The Coolest Guy Movie Ever (2018) REVIEW – Not That Cool
The Coolest Guy Movie Ever documentary about The Great Escape feels more like a featurette than its own worthwhile thing.
Documentaries break ground in search of the truth, or at least a truth. They are a vivid and realistic style of genre whether on their own or worked into narrative fiction somehow — dramatic reenactments, interviews, raw real footage, etc. Netflix — through original series’ such as Evil Genius and The Toys That Made Us — and the likes of Ken Burns continue to prove documentaries and docuseries are a resonant mode of education and storytelling.
Then you have outliers like The Coolest Guy Movie Ever produced and directed by Christophe Espenan. The film goes to Bavaria to explore the locations where The Great Escape was filmed in 1962. Retracing the steps of those involved in the making of the movie, a group of fans and historians tour and discuss places where actors and filmmakers worked and stayed.
Taking a walk through the woods in the beginning, they try to find the location where the POW camp was constructed for the film. Those sets and buildings unfortunately are primarily gone, bulldozed and overtaken by the surrounding forest. Consequently, they share a story from Great Escape’s production; the crew had to actually level some trees to clear an area and build the POW camp 50 years ago under an agreement they’d plant two in their place after they wrapped. So sets were then destroyed immediately for the forest to regrow, and it did over the years unabated.
The central location of filming for both the doc — and Escape itself — is the town of Fussen outside Munich, Germany, which has changed but enough is the same for the sojourning filmmakers to ID spots where pivotal scenes were shot and stunts were performed. Descendants of crew and locals are interviewed about the Hotel Alpina where star Steve McQueen, director John Sturges, and others stayed with their families, complete with records, letters, and paperwork from director and cast. The hotel is still in business and everyone expresses a cheerful reverence for its part in production, a common reaction for several background buildings, especially churches they use as landmarks to find where chases took place and a plane crashed.
They spend a great deal of time on the motorcycle stunts and chases down the German country roads, taking into account the smallest details — models of the bikes, stuntmen on them and so on. For a bit, they study the scene where James Coburn (who played Sedgwick the Manufacturer) stole a conventional bicycle to get away. An interview clip with Coburn talking about his understated method in playing the scene rolls in a Brady Bunch-like square over the actual footage for comparison. Interviews with actors are archival and that’s how they are thrown in between play-by-play by other interviewees of McQueen’s motorcycle stunt work.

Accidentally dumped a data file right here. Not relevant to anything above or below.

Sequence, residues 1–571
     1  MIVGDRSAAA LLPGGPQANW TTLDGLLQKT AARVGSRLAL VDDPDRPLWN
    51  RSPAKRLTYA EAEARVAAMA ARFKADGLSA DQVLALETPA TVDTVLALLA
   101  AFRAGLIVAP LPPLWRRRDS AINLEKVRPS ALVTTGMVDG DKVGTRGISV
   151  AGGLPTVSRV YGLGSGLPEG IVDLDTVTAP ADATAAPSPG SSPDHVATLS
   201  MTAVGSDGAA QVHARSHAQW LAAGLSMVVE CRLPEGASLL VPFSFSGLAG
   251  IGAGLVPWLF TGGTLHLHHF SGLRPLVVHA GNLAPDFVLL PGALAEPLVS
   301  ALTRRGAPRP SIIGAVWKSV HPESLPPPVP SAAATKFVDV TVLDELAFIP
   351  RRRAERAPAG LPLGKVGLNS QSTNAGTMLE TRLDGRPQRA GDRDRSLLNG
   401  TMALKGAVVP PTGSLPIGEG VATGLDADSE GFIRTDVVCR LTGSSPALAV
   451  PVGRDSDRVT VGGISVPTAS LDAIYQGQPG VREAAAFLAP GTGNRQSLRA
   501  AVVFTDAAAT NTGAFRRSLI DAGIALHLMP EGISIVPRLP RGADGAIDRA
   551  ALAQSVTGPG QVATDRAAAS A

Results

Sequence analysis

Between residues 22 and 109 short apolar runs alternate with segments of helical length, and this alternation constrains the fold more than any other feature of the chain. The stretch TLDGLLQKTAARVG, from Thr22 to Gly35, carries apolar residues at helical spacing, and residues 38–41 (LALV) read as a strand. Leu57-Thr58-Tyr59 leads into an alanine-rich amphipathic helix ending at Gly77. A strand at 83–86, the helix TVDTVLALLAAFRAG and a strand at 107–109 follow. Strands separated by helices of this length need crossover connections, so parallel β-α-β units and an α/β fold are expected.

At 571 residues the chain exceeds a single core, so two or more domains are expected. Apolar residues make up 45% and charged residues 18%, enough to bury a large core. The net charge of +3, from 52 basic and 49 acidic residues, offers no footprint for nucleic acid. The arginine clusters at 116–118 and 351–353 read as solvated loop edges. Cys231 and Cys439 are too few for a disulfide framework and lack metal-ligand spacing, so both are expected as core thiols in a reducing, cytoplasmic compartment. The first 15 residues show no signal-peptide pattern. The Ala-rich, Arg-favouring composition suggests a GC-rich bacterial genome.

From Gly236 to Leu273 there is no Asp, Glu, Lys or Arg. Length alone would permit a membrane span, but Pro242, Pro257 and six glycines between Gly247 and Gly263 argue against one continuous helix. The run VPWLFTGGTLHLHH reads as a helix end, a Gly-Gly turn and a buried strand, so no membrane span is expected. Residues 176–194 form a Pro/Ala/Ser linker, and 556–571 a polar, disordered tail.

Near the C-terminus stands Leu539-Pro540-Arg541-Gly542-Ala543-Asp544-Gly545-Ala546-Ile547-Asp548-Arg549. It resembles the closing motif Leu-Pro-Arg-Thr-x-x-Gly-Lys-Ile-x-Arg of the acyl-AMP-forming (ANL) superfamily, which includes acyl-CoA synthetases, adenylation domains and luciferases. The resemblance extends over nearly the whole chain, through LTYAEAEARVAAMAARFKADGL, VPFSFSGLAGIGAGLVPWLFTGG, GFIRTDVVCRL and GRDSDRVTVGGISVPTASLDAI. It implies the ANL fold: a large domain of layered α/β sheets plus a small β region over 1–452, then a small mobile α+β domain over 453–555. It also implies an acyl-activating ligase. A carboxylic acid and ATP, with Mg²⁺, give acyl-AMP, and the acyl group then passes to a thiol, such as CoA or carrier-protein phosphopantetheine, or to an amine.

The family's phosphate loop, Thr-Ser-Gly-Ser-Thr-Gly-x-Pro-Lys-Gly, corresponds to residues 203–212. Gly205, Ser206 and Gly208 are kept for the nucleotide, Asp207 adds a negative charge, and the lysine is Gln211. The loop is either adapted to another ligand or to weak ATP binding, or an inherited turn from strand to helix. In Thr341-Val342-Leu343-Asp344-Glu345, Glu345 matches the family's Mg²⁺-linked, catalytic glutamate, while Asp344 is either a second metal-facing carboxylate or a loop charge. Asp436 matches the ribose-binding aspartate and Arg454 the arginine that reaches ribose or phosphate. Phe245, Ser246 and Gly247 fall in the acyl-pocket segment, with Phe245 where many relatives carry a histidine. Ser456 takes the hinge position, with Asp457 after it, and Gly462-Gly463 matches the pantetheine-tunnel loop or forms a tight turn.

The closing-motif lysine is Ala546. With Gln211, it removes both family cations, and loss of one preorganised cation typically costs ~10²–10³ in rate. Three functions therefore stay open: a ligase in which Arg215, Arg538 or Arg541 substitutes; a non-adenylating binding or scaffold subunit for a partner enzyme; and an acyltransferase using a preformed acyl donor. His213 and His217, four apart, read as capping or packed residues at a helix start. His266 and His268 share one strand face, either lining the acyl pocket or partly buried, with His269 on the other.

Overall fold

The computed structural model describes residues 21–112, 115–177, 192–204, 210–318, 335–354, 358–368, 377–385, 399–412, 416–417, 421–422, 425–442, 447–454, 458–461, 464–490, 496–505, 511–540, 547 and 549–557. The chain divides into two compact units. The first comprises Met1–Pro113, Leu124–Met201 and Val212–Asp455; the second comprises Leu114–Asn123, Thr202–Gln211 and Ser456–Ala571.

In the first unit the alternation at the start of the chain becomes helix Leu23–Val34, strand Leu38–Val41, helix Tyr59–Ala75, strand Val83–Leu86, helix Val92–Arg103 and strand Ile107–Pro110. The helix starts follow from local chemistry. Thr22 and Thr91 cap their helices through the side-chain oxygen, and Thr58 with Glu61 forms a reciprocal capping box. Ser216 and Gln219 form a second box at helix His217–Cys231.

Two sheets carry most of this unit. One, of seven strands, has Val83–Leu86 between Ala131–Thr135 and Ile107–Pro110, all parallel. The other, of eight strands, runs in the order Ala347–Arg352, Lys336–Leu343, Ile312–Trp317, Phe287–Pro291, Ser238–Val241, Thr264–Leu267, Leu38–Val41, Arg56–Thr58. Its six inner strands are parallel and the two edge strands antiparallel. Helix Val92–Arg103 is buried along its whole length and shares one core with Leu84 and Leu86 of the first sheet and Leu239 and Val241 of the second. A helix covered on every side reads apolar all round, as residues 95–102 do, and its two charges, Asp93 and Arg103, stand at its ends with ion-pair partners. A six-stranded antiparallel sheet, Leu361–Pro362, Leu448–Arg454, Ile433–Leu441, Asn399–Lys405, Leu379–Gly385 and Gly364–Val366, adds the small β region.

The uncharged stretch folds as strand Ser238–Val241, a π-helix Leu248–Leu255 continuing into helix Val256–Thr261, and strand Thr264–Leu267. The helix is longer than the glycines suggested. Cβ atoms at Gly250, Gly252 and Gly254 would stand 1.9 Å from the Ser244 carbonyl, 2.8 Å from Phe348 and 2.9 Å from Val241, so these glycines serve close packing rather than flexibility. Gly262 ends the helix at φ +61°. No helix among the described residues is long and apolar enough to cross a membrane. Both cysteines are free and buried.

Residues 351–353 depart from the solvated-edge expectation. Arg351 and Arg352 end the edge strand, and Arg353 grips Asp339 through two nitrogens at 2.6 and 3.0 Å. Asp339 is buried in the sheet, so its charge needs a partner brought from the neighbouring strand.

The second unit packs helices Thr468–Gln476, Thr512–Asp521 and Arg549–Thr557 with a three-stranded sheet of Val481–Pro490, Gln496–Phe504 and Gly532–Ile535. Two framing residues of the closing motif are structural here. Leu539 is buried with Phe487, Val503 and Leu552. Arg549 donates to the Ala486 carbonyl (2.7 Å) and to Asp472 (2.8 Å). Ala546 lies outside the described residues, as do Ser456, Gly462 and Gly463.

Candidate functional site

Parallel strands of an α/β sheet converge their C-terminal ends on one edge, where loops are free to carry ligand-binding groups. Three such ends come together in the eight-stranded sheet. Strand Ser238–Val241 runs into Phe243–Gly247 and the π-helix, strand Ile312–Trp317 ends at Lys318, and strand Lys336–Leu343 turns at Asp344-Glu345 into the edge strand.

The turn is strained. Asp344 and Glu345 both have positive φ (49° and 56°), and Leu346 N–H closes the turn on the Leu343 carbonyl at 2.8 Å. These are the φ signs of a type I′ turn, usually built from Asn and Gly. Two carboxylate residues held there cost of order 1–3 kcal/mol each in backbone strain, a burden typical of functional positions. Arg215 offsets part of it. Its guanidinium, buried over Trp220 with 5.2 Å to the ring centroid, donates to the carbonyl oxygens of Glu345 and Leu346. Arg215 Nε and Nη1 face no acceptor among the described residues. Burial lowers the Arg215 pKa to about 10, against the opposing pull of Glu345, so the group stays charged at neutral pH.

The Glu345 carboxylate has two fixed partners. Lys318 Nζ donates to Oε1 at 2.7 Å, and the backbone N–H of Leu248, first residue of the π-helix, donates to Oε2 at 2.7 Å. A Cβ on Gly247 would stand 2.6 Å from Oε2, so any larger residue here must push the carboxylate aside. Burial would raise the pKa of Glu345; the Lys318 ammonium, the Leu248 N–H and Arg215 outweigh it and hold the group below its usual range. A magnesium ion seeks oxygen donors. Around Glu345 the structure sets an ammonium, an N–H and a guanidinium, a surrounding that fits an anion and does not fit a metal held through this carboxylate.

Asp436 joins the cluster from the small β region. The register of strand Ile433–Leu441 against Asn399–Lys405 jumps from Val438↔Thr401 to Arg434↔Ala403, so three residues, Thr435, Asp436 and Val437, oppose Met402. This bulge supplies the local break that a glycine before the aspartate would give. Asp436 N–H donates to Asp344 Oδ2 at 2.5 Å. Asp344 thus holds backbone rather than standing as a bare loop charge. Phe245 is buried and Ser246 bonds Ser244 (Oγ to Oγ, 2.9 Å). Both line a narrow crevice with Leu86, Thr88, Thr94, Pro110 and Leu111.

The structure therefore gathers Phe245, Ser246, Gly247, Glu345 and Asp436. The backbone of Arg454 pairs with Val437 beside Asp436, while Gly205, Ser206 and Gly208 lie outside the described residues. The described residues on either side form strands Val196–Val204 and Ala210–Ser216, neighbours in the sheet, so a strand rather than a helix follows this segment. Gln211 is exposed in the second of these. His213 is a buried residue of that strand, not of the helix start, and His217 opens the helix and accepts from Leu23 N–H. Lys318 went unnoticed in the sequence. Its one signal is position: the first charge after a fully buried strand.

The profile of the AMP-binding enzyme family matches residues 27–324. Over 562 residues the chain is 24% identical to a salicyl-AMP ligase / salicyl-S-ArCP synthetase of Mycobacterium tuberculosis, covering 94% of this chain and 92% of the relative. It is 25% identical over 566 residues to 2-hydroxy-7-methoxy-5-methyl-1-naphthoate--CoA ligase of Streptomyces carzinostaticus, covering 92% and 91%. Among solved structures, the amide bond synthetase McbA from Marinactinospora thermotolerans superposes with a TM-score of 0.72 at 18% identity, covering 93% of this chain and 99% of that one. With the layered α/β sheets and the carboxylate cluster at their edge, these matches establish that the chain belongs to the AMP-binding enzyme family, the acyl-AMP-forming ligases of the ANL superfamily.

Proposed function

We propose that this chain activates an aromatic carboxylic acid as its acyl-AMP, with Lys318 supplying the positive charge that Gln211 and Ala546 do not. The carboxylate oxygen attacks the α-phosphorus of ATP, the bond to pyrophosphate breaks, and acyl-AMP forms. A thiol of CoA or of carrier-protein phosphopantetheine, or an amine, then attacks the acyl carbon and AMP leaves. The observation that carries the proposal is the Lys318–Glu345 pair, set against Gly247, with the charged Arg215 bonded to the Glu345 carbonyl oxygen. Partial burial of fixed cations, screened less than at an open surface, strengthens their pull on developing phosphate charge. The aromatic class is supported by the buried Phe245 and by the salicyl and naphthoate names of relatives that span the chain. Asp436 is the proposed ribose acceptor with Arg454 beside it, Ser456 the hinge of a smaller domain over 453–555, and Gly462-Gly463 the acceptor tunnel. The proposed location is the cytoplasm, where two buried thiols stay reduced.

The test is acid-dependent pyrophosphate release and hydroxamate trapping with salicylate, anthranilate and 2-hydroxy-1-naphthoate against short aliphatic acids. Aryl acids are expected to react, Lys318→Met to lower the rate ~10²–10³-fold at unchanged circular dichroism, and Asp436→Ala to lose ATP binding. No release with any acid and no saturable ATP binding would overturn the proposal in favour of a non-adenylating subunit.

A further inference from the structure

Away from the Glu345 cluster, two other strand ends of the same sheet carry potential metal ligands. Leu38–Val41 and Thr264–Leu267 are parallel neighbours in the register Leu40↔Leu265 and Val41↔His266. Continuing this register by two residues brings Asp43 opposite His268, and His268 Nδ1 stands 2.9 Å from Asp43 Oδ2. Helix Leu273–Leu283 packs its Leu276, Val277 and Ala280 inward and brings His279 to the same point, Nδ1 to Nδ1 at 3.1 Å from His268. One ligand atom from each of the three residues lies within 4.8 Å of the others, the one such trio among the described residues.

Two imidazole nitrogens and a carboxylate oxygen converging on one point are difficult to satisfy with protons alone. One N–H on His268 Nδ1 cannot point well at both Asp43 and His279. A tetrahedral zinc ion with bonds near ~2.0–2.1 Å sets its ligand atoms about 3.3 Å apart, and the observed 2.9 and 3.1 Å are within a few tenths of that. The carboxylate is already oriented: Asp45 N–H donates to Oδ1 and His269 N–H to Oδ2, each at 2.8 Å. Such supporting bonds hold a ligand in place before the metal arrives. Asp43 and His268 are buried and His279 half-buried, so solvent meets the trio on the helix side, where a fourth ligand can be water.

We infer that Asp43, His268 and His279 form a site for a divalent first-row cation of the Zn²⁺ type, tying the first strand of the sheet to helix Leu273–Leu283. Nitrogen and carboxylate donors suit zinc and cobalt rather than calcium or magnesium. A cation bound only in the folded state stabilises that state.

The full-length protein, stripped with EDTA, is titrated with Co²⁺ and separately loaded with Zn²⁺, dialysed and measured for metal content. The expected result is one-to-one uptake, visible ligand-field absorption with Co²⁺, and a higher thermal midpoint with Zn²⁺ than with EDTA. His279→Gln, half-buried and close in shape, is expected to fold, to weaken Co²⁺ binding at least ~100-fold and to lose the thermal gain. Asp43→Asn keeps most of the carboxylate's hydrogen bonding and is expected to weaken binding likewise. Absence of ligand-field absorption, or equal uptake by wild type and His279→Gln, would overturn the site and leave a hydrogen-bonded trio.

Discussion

Narrated by the late Lawrence Montaigne, an actor known for Star Trek with a small part in the film (Canadian officer Haynes, who dies at the end), he can certainly speak with authority on the subject. He talks about Great Escape with passion and aplomb, calling it a benchmark for action and war movies. Montaigne notes the film’s inimitable ensemble including Steve McQueen, James Garner, and Donald Pleasance, calling Great Escape the “coolest guy movie ever” (and giving the doc its title). Montaigne doubles down and makes the challenge — “If it’s not the greatest guy movie, tell me what is.”
Now, its quality and timelessness can’t be denied, but ultimate or “coolest guy movie”? Generations later, that is fairly debatable. Don’t get me wrong, Great Escape’s place in history is firm but when the likes of Taxi Driver, Jaws, Terminator, Die Hard, The Matrix, and Marvel movies come out in the years after, your competition gets pretty stiff. One affirmation of that fact is the existence of more fascinating and engaging making-of documentaries floating around on home video and the airwaves. A good example, I recommend Jaws: The Inside Story, a two-hour special brimming with inside stuff about the most famous shark ever to hit screens.
Coolest Guy Movie, meanwhile, at an hour long, plays like an entry in a documentary series you might find in the archives of A&E or PBS. I say “the archives” because documentary filmmaking is held to such a high standard today that structure and form which may have worked on public TV or basic cable don’t really fly as artful anymore. Keeping it simple and sticking to interviews and first-hand experience without much flair might be educational, but what you get is little more than a featurette belonging on a special edition DVD or box set. Good for that or a museum, not as much for a festival or wide release.